Multi room set up for home

(Markus Bohunovsky) #1

I would like to set up roon, so I can access my music anywhere in my home with any device. How would I best accomplish that?
Right now Roon Server runs on my MacBook Pro, which means, I cannot use the software unless I open the MacBook. So, for example I cannot use roon to listen from my iPhone when lying in bed, without getting my computer first.
So, I am thinking of getting a Mac Mini as the server and having some drives attached to it with most of the music on them.
But then the Mac Mini would always have to be on and not in sleep mode. That would probably seriously limit its life expectancy. So how do you suggest being able to have a server set up that can be accessed anytime from multiple rooms? What do other users usually do? It seems to me the great power of this system would be that I have a server running Roon and many places from which to access the software any time. But how do i accomplish this?
(I would like to stay in the Mac/iOs universe if possible as I’ve not kept up on the Windows OS for many years)


(bearFNF) #2

An Intel NUC with ROCK is a good solution for this. It is not MAC but runs a Custom Linux OS made for running ROON Server by the ROON folks. It would ONLY run ROON.
See this link for details:

(David Orgel) #3

I have Roon Server running on a mid-2011 Mac mini that’s still going strong. It runs 24/7, with the exception that when I’m going to be away for several days or more, I usually shut down the entire audio system. That happens roughly once every couple of months. This has been the case since 2011, when I first started to get serious about computer-based audio playback, well before the advent of Roon.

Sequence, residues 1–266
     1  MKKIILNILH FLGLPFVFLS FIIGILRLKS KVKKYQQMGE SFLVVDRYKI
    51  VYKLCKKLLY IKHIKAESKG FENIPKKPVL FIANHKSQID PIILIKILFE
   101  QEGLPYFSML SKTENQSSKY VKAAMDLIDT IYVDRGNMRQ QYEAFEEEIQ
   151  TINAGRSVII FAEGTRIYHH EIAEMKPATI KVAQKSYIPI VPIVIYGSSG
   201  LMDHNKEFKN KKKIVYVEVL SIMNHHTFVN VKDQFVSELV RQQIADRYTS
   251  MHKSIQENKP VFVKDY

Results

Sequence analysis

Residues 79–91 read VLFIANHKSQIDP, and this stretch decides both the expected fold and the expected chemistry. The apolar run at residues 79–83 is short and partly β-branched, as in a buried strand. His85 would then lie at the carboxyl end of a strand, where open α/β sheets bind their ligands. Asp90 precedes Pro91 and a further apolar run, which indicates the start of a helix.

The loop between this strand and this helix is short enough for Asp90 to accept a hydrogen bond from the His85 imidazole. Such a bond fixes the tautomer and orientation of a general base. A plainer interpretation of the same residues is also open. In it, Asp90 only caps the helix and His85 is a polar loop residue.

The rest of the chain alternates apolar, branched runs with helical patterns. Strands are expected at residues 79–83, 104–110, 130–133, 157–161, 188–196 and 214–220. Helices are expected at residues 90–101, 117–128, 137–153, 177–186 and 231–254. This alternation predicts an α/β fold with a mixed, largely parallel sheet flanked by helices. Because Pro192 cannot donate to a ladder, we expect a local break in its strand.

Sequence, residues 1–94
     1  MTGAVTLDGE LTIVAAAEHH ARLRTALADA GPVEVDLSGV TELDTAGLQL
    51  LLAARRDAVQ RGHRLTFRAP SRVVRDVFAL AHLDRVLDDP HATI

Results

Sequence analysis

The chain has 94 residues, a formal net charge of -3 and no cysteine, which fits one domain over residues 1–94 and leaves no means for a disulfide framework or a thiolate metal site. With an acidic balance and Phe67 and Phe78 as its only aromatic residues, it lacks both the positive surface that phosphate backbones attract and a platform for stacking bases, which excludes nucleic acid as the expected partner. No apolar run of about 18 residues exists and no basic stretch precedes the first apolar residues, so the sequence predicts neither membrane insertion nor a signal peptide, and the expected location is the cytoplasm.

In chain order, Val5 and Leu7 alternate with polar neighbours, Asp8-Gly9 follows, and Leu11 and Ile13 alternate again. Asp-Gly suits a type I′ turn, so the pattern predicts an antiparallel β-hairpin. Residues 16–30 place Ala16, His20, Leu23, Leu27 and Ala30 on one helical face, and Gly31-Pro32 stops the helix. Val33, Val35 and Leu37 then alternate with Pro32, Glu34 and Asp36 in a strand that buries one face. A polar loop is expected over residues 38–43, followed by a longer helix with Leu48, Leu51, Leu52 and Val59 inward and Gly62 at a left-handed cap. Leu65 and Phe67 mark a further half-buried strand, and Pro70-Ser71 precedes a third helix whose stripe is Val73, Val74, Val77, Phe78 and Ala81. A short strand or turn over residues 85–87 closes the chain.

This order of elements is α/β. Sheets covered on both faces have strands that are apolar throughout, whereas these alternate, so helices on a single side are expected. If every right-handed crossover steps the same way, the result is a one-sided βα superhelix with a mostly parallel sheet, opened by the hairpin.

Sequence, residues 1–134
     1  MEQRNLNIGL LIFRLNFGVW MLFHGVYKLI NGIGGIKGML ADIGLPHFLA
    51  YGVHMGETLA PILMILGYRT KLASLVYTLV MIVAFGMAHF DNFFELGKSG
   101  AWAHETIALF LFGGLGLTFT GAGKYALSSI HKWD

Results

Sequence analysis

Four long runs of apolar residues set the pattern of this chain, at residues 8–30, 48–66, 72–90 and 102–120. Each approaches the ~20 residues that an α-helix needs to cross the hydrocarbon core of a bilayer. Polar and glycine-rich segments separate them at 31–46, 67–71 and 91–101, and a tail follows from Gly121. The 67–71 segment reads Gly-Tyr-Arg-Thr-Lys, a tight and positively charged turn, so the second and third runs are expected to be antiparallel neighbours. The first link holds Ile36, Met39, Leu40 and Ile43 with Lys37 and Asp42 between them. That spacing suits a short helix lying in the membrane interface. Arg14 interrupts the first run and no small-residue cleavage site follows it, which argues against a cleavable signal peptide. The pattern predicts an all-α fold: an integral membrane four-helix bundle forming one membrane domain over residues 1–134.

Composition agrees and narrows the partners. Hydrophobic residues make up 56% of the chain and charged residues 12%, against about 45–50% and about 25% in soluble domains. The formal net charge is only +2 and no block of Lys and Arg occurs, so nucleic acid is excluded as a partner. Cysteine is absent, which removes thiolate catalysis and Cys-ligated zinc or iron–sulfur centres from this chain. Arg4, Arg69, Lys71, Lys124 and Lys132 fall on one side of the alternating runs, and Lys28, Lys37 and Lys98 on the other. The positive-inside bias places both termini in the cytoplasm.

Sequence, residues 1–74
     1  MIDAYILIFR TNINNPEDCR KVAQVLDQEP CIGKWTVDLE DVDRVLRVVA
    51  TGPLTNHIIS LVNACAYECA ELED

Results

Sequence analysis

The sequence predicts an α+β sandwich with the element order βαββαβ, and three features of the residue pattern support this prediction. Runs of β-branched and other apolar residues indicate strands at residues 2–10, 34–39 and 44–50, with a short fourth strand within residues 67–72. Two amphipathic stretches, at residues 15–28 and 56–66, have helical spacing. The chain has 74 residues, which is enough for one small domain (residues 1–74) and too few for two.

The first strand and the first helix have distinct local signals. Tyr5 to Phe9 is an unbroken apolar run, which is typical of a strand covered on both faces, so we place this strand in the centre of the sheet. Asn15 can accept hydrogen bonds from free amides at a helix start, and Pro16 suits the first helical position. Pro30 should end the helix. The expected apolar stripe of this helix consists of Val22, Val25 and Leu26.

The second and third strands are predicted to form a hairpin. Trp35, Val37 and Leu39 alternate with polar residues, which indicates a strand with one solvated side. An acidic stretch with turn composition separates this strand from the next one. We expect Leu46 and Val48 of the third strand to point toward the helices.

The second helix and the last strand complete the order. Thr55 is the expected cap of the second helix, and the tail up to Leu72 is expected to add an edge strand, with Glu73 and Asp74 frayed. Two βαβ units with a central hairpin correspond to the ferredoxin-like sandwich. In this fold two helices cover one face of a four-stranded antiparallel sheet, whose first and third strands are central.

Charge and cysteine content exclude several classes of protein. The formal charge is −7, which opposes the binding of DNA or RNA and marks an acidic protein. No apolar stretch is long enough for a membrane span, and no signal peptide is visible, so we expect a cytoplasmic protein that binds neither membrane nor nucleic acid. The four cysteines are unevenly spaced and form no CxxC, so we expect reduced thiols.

All that said, if I was starting fresh with a new system intended primarily to run Roon core, I’d probably go with an i5 or i7 NUC running ROCK.

(Tony Reimann) #4

Always on in some respects would extend the life expectancy. In any case it won’t seriously shorten it. However as others have said get a NUC and run Rock.

(Wim) #5

Install the Web Controller extension and you can control roon from any browser.
Check out the Roon Extension Manager.

(Markus Bohunovsky) #6

Hmmm–NUC+ROCK sounds really good, but the video specifies price at around $2000. About 4 times as much as I was hoping to spend.

(Markus Bohunovsky) #7

Oh–sorry my mistake. I guess the $2k is for some pre-configured system (Nucleus).

(bearFNF) #8

The nuc is much cheaper than that, in the KB link there is another link to the parts. cheapest one was about $400 US for the i3 version and about $625 for the i7.

(Markus Bohunovsky) #9

I see. The one thing that worries me a bit is the comment on the review on Amazon: "A little pricey, and it is certainly audible with the fan running all the time. "
It seems like I’d want something without a fan, no?

Also: Still trying to get used to the roon architecture. It seems there are 3 different components always involved: a server, an endpoint and a remote.
So, I was thinking of having the server in my closet next to the router. I was not planning to use it as an endpoint or dsp or connecting it to any audio output device (DAC/Amp/etc)
I thought that would be handled by my notebook, which is currently already connected to my amp via a DAC. Is that how to do it?
Or does the server have to be used as the audio player (endpoint) as well?